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The Gangster Tour: A Unique Missouri Experience

Kansas City, Missouri was home to some of the country’s most notorious gangsters.  From the Civella family to the other famous bosses of the time, Kansas City was a prime spot for the “American Mafia”.  Today, this is acknowledged with a Gangster Tour, Sponsored by the Kansas City Transportation Group all year round.

Tour Tidbits

As featured on the Travel Channel, tours run for 90 minutes every Saturday.  Tours depart from historic Union Station, and features an interactive look at the Pendergast era from 1920 to 1945.  Guests can view life in the 1920’s, where Prohibition (and speakeasies) reigned the streets.  Some people say that ghosts of the infamous Kansas City Massacre can be heard. 

Kansas City Masscare

The Kansas City Massacre took place in July of 1933.  It featured a gang leader and his cronies, who had the intent to free a Federal Prisoner named Frank “Jelly” Nash.  Nash escaped prison and was pursued by the FBI all over the United States and Canada. After Nash’s friends found out about his second apprehension in Hot Springs, they staged an assault at the Union Station, where Nash and others were ultimately killed.  The Travel Channel encounters remnants of this altercation in the form of ghostly apparitions during their Gangster Tour.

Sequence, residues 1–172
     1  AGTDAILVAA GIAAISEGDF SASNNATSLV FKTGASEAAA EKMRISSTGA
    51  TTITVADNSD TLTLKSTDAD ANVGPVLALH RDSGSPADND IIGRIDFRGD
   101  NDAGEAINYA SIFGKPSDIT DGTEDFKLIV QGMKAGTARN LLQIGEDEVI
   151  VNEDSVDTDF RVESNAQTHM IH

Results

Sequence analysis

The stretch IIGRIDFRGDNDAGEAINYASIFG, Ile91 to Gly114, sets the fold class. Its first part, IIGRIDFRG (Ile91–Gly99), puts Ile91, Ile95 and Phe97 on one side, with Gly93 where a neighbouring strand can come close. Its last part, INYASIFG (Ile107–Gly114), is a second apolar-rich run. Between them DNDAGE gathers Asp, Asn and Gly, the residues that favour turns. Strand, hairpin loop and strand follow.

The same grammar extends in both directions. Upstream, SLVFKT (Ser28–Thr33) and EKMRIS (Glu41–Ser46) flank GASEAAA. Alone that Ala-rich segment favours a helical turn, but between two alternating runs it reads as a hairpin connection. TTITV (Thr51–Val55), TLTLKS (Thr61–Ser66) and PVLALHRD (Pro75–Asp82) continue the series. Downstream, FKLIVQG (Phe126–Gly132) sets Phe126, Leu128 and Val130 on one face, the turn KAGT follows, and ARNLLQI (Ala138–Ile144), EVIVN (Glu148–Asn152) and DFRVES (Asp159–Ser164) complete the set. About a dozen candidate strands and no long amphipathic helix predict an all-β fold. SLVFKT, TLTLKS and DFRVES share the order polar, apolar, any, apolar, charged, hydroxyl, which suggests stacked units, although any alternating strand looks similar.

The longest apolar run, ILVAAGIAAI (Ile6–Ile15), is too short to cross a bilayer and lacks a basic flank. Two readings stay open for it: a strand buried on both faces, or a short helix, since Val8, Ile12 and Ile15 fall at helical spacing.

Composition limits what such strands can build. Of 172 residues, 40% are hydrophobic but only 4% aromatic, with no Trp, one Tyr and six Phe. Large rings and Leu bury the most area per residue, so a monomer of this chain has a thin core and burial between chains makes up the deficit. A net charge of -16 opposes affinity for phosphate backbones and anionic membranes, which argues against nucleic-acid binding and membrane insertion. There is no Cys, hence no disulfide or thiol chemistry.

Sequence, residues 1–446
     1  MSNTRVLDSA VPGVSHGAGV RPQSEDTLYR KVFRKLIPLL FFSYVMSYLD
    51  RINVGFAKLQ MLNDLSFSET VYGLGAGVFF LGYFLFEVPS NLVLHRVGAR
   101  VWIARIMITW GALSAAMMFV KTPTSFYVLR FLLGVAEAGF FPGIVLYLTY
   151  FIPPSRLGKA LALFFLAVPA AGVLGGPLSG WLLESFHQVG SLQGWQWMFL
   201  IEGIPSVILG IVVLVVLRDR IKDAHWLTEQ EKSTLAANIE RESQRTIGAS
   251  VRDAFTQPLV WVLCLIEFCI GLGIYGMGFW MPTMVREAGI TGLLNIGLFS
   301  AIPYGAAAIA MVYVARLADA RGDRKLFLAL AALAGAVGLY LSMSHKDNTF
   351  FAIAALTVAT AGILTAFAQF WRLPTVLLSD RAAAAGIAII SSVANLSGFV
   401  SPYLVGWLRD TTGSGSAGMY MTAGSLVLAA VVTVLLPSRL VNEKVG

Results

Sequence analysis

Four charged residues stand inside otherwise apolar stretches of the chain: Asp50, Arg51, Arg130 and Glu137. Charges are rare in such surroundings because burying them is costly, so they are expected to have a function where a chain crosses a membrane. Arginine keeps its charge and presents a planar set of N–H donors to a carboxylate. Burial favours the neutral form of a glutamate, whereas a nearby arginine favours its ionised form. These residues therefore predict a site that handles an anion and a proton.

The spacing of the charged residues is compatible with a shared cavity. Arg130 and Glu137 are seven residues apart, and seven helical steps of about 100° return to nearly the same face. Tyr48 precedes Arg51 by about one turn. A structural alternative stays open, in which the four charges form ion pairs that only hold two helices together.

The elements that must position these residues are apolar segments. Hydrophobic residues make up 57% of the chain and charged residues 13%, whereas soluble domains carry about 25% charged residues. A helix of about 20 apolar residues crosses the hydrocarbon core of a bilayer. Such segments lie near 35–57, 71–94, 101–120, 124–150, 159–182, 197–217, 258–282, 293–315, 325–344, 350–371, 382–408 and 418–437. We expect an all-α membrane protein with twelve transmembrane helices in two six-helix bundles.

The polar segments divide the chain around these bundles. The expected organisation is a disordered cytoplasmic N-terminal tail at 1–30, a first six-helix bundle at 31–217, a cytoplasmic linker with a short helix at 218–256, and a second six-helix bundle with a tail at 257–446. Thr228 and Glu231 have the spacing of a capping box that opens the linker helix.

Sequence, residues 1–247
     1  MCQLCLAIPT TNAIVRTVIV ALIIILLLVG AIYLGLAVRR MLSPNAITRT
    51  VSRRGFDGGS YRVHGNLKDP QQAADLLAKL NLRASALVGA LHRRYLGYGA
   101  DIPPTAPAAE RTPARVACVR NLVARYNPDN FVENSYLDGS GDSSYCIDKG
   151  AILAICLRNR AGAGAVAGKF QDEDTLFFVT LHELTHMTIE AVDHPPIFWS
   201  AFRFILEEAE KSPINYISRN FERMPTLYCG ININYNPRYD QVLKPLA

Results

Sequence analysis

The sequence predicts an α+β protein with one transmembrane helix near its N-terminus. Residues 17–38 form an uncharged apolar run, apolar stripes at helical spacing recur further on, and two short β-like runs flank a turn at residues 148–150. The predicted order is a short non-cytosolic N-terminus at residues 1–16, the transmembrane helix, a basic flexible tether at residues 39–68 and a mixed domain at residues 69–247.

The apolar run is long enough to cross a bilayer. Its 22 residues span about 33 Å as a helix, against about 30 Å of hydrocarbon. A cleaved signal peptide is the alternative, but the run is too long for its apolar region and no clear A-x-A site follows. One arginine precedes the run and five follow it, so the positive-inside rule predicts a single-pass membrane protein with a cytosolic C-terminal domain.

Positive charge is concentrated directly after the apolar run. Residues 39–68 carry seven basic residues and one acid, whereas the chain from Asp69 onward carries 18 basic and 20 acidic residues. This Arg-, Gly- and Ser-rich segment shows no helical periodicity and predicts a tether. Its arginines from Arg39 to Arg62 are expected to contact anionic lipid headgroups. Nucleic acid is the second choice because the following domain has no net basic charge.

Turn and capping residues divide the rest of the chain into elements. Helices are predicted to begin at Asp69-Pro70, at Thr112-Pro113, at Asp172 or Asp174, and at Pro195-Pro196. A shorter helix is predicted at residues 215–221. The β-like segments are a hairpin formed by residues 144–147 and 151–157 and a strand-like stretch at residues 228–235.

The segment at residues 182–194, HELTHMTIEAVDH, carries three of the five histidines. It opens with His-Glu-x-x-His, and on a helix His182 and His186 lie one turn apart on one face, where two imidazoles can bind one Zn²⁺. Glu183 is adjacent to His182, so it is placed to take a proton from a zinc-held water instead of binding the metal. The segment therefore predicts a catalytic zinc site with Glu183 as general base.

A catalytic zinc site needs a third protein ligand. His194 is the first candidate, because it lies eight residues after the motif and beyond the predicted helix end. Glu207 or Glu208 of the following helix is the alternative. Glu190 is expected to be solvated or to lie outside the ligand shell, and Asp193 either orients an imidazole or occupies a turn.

The Pendergast Machine

The Pendergast Machine, one of America’s most notorious crime networks, had its roots in Kansas City.  The gangster tour explains why this system controlled the very fabric of life and Kansas City politics. From 1900, to 1940, Kansas City was ruled by Bosses Thomas and James Pendergast.  Tom controlled Kansas City from 1925 to 1939 as a leading corrupt political boss, who favored others and gave them jobs they didn’t necessarily come by honorably.  He was later arrested for tax evasion. Elder brother James Pendergast is labeled as the first big power boss of Kansas City.  There is still a statue of this Pendergast on Quality Hill today. 

The Kansas City Gangster Tour also features visits to local speakeasies and other mob boss’s houses.  It is an excellent look at history of the 1920’s, and is a big part of Kansas City culture to this day.

Please visit http://www.thekctours.com/gangster-tour.html for more information about the Gangster Tour.

Locals and visitors alike can enjoy this peek into Kansas City lore and mob culture.  Just beware of ghosts at the Station. 

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